Nervous test-takers, fear not. Temple University announced Tuesday it will join the growing list of colleges ditching the SAT as an entrance requirement.
The university calls it the "Temple Option," describing it as "an admissions path for talented students who show great potential for success but don't perform well on standardized tests."
A government reform activist is trying to get Pennsylvania's Ethics Commission to investigate a special adviser to Gov. Corbett.
The ethics complaint calls for an investigation into Ron Tomalis, an adviser on higher education and a former state education secretary.
Education funding cuts are front and center once again in a tiff between Pennsylvania's candidates for governor.
A television attack ad that surfaced last week highlights the issue, which has dogged Republican incumbent Gov. Corbett in the polls for years.
Help schools join region's renaissance. Inquirer
A healthy rebellion. Daily News
Kids in crisis. Daily News
According to the most recent longitudinal study of Philadelphia graduation rates, just 10 percent of students who begin 9th grade in Philadelphia public schools manage to persist all the way through to college graduation.
To raise achievement levels, the city and state have restructured public education in Philadelphia over the last 15 years, rapidly expanding both District and charter options – with mixed results.
Education experts have long advocated for parents to keep their kids engaged in learning over the summer – when skills picked up during the school year can get rusty.
That "summer slide" can be especially tough on students from families who can't afford high-quality summer programs. To combat this loss, State Sen. Vincent Hughes has organized the Save Our Skills summer reading program – a free, four-week literacy program where students receive a free breakfast and lunch while sharpening their skills with certified teachers.
Teachers drop out, too. Inquirer
My son has been suspended five times. He’s 3. Washington Post
The Notebook was launched in 1994 as a newspaper committed to ensuring quality and equity in Philadelphia public schools. We are celebrating the 20th anniversary of the first publication this spring. We are featuring an article from our archives each week, shedding light on both the dramatic changes that have taken place in public education and the persistent issues facing Philadelphia's school system.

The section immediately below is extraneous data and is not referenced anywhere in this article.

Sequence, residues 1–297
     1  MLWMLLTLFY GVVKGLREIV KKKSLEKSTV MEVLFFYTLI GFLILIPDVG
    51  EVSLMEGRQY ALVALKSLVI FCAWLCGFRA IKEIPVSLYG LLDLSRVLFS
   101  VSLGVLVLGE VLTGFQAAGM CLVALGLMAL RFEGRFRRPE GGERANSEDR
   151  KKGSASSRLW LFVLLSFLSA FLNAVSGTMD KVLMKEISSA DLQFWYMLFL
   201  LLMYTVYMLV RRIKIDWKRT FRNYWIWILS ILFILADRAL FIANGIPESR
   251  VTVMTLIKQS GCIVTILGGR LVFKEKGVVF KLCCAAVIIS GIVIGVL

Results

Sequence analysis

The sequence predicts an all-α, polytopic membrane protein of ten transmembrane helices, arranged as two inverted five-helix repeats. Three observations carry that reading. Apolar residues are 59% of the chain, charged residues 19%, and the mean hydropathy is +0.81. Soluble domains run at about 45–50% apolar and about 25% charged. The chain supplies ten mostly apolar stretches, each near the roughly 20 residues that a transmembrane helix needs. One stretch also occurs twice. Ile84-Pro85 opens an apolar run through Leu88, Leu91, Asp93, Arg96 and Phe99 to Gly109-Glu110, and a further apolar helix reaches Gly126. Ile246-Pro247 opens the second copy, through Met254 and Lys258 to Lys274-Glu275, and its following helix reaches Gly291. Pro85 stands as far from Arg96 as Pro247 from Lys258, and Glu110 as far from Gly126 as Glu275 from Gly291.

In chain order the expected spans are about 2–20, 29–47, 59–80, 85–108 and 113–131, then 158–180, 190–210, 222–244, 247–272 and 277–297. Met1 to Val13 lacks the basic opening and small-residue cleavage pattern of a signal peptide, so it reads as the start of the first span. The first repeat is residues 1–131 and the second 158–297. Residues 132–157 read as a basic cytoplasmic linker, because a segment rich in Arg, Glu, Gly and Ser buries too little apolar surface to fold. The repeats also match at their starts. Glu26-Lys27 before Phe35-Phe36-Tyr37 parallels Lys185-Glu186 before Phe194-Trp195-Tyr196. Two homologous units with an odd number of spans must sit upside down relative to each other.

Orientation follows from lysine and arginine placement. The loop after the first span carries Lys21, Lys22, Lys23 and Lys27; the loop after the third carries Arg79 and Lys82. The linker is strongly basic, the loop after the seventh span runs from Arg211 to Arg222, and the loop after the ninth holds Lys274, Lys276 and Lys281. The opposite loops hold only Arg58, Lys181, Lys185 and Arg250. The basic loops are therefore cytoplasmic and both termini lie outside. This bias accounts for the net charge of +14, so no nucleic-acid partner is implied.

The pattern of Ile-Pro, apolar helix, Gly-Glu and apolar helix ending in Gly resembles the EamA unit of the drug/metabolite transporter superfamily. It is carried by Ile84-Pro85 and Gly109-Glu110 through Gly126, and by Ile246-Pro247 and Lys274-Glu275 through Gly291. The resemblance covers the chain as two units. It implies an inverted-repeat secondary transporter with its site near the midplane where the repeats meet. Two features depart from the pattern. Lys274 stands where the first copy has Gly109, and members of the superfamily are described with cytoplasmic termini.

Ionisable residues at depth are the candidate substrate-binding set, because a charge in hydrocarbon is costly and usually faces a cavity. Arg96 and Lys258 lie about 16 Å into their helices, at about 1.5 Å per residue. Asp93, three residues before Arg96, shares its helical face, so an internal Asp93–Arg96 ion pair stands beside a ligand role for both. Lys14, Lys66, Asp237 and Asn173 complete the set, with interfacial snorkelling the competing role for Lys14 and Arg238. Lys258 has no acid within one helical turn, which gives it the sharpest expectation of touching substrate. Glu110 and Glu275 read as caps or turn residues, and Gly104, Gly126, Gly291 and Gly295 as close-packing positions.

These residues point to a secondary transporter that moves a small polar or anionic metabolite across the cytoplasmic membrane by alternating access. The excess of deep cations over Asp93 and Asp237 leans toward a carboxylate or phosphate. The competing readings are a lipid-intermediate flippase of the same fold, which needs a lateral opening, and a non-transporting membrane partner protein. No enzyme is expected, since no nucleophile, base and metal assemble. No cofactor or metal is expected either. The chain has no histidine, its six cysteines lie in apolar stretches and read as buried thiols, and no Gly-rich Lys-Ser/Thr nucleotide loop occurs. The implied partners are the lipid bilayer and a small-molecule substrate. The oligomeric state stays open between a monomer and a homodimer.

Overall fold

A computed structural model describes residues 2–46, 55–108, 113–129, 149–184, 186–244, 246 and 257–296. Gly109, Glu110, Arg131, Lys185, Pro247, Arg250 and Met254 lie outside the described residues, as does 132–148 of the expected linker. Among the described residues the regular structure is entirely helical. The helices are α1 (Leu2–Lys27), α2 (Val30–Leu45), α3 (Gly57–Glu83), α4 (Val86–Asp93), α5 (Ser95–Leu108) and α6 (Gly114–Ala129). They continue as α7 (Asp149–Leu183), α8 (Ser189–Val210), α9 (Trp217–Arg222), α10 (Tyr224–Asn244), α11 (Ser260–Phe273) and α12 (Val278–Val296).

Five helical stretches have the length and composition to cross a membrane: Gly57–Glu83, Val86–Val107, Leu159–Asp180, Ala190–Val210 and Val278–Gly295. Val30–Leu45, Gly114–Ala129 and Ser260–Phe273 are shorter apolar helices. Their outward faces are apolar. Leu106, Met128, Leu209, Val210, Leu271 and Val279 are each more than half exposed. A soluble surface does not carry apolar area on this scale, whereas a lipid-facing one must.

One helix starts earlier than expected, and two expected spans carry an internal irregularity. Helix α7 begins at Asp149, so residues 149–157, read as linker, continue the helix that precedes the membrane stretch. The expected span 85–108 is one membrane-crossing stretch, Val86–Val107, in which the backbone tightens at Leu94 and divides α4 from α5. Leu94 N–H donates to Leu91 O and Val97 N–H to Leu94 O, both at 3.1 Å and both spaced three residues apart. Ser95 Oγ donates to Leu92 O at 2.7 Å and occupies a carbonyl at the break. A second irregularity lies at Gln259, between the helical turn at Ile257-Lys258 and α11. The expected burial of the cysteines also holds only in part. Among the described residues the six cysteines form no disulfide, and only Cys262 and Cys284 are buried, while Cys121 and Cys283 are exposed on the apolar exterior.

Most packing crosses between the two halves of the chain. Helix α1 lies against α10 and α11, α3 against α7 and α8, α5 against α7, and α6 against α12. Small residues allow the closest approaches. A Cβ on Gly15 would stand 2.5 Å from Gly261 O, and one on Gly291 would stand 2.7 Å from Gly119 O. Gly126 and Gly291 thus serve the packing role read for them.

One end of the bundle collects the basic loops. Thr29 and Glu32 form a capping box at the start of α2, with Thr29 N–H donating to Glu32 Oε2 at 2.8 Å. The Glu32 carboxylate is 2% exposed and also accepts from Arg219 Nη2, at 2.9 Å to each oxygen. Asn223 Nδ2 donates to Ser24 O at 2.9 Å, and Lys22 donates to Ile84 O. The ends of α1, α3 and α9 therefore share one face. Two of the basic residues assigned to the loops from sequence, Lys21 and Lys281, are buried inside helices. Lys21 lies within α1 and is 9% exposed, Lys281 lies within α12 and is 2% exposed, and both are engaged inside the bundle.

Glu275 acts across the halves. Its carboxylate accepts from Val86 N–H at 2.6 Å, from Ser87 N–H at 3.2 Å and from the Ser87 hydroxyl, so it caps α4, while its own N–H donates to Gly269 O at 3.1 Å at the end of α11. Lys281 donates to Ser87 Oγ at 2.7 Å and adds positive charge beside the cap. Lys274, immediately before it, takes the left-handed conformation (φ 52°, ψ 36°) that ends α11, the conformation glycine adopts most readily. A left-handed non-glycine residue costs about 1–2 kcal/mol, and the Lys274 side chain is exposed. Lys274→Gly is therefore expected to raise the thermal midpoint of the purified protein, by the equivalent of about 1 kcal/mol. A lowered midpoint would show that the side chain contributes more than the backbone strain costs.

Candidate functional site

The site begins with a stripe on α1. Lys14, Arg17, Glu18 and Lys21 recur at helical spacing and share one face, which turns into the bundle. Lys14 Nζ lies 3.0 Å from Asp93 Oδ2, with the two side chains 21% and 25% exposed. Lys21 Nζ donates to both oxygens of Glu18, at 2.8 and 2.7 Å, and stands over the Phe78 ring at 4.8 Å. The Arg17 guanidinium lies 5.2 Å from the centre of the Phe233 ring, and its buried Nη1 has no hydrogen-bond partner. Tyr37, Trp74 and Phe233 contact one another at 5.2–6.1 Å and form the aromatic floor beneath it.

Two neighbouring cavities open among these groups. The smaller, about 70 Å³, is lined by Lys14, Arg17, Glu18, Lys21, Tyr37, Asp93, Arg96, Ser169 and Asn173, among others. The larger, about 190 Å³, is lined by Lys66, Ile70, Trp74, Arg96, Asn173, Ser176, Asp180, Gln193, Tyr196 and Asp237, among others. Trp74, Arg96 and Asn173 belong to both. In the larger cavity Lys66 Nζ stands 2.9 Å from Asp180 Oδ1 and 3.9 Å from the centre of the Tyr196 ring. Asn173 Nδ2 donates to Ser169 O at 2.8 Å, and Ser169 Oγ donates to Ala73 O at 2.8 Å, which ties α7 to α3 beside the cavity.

From the Fall 1999 print edition:
by Paul Socolar
Philadelphia 's school safety problems took center stage this fall after the shooting of an assistant principal in a scuffle with a Bartram student and the murder of a King High School 10th grader outside school, both in October.
District evacuates Fishtown school over asbestos. Daily News
Are we having fund yet? Daily News
Schools still need nurses. Inquirer
Mindfulness meditation might be the new yoga, but does it have a place in the classroom?
Skipping recess to meditate might not be what most kids would choose to do. But in the lunchroom at Isaac Sheppard Elementary School in North Philadelphia, a loud bunch of 3rd and 4th graders are about to get quiet. They gather around teacher Jamie Roberts. She's going to take them to her classroom for meditation club and gets their attention.
What a week for adversaries of the Common Core State Standards (CCSS)! On July 22, Glenn Beck, the radio and TV personality, hosted "a live national night of action against the Common Core" called WE WILL NOT CONFORM and told Fox News' Sean Hannity that the Common Core was "creating millions of slaves."
Watching Philly education go up in smoke. NewsWorks
PHL Collective is teaching high schoolers to build video games this summer. Technically Philly
Reading should be a family affair. Post-Gazette
Wednesday's scheduled appeal hearing to determine the football eligibility of a student who transferred to Martin Luther King High School in March has been postponed until next month.
Robert A. Lombardi, executive director of the Pennsylvania Interscholastic Athletic Association (PIAA), told NewsWorks on Tuesday that scheduling conflicts for the principals of MLK (William Wade) and George Washington High School (Gene Jones) led to the delay.
A recent survey found that there are about 15,000 young Philadelphians lacking a high school diploma who are not currently enrolled in school or employed.
To better understand the "why" behind this number, the advocacy group Public Citizens for Children and Youth studied how access to child care for young parents affects high school completion rates.
Phila. teachers need support. Inquirer
Why Do Americans Stink at Math? NY Times